An effort to stem child porn would bring serious collatoral damage, experts say
A congressional effort to get tough on tech firms failing to keep child pornography off their platforms gets bad marks from cybersecurity experts in our latest poll.
About 81 percent of our Network experts group oppose the EARN IT Act — almost entirely because of concerns it would hamper adoption of strong encryption and make people less safe online.
“This bill is dangerous,” said Cindy Cohn, executive director of the Electronic Frontier Foundation. “It will reduce everyone’s security and privacy. It should be a top priority of anyone who cares about cybersecurity to block it from passing.”
There’s going to be a drag out fight over the bill, which is widely supported by many opponents of Big Tech and advocates for sexual assault survivors.
The EARN IT Act sailed through the Senate Judiciary Committee earlier this month, even as several senators said they want to fine-tune encryption protections before it becomes law. But that may be a tough sell. One of the bill’s main sponsors, Sen. Richard Blumenthal (D-Conn.), has pushed back on encryption concerns, calling them a “gigantic red herring” propagated by “Big Tech and their armies of lobbyists and their allies.”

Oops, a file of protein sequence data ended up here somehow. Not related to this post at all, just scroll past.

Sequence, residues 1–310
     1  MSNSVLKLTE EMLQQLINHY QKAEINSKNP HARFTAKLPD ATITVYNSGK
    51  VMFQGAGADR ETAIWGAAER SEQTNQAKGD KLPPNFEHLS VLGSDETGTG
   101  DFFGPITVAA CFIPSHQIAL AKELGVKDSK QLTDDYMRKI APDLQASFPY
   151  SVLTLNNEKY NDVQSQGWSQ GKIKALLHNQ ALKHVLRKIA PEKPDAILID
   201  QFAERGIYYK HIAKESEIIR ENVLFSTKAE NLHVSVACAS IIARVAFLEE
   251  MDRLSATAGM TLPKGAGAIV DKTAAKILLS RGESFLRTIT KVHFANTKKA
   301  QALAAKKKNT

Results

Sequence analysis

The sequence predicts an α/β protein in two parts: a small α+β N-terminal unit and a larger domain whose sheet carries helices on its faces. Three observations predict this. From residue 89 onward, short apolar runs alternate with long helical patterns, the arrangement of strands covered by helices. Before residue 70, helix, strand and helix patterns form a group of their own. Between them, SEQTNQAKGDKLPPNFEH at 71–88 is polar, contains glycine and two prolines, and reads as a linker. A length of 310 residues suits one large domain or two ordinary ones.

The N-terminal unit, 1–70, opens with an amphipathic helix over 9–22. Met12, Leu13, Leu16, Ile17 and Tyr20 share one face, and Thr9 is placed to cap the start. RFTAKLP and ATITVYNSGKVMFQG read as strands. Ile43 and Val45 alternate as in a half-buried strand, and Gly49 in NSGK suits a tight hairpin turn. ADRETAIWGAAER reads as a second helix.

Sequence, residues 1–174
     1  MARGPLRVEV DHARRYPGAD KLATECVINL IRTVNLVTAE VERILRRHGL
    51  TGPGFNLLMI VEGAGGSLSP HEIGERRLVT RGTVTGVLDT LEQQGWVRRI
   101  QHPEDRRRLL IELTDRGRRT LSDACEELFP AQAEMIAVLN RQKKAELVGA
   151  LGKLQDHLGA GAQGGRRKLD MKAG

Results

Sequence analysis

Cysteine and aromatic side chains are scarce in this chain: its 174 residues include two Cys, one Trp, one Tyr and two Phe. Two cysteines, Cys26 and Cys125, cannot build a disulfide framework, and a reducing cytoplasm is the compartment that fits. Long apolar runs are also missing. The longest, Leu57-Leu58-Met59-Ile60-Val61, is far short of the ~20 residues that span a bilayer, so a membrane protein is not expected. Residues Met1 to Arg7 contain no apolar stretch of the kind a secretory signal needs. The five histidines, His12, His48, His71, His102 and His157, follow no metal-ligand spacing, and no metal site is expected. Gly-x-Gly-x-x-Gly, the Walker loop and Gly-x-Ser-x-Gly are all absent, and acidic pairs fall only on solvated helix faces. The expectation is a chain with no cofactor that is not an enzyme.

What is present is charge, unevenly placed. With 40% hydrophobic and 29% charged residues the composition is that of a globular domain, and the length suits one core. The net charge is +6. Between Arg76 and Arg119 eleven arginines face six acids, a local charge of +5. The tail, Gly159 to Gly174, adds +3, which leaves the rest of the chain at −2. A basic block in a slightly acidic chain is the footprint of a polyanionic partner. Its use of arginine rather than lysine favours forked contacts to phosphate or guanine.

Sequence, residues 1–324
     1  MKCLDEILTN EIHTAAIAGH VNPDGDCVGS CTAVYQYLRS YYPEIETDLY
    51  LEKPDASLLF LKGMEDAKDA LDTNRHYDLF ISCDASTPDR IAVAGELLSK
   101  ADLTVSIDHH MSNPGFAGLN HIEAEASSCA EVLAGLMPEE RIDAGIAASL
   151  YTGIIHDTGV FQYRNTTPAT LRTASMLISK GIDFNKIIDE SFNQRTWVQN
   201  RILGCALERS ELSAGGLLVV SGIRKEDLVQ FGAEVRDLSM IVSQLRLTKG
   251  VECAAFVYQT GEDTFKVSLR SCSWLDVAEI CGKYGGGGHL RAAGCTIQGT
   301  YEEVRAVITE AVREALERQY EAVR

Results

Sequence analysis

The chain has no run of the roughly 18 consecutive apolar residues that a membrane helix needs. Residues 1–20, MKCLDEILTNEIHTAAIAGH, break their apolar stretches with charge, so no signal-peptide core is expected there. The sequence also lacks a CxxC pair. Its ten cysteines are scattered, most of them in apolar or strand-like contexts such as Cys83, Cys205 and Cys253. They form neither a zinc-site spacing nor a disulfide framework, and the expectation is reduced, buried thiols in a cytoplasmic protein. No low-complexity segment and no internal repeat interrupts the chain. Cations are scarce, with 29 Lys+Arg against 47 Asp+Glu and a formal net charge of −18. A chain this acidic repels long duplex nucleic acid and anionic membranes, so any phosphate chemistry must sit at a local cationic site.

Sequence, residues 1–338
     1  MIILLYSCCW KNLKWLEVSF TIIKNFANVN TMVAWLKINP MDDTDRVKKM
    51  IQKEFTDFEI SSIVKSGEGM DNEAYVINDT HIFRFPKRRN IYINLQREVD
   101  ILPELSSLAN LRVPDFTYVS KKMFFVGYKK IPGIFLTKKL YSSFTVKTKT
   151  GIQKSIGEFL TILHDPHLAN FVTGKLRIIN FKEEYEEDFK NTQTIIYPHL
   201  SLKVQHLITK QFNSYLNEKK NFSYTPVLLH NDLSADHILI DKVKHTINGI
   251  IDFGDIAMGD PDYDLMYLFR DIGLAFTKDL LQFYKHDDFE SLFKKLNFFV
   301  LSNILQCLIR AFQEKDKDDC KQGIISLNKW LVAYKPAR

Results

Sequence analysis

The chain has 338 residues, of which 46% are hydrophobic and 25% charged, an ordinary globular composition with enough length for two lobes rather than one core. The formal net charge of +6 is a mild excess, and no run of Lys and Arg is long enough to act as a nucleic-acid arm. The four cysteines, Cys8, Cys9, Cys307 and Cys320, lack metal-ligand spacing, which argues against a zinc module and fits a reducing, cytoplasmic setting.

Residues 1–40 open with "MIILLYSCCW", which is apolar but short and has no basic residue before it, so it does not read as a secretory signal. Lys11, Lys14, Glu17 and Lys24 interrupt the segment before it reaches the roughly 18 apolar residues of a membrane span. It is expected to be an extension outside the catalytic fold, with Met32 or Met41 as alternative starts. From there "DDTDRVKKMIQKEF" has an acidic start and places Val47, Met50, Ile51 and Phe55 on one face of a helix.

Here’s the dilemma. The EARN IT Act would remove federal protections that currently prevent tech companies from being held legally liable for what users share on their platforms if they knowingly allow those users to share child pornography.
Cybersecurity advocates fear those new liability concerns will prompt tech firms to stop offering end-to-end encryption, which protects data from hackers and authoritarian government snoops but also makes it easier to secretly share child pornography and other illegal content.